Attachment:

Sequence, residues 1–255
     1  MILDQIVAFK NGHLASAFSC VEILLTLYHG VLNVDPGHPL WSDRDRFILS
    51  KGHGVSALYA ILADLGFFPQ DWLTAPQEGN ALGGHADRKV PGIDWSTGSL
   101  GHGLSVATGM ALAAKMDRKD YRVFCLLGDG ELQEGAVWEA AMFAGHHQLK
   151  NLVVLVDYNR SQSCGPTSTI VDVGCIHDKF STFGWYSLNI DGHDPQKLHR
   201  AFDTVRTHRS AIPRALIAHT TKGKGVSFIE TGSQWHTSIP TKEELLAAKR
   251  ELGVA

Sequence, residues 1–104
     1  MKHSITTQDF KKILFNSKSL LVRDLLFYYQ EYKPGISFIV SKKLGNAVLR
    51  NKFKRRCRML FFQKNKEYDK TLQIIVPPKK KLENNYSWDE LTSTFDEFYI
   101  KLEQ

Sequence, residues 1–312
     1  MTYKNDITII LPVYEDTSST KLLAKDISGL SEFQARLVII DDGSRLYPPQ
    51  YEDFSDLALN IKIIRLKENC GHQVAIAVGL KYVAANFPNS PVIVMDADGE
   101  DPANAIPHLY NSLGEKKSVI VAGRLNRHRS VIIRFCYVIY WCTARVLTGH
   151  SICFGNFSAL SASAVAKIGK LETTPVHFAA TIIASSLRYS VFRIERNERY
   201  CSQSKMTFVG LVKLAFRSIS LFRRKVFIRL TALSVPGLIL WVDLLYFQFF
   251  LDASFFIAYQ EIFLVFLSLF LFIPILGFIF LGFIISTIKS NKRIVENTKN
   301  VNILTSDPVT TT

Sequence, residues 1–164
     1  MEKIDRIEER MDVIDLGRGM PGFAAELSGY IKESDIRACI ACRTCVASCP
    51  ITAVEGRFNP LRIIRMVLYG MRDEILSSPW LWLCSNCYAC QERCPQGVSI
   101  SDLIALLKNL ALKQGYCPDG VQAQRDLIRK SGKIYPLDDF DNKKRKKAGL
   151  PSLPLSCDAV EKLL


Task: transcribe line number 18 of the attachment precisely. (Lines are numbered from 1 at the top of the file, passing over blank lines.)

   251  LDASFFIAYQ EIFLVFLSLF LFIPILGFIF LGFIISTIKS NKRIVENTKN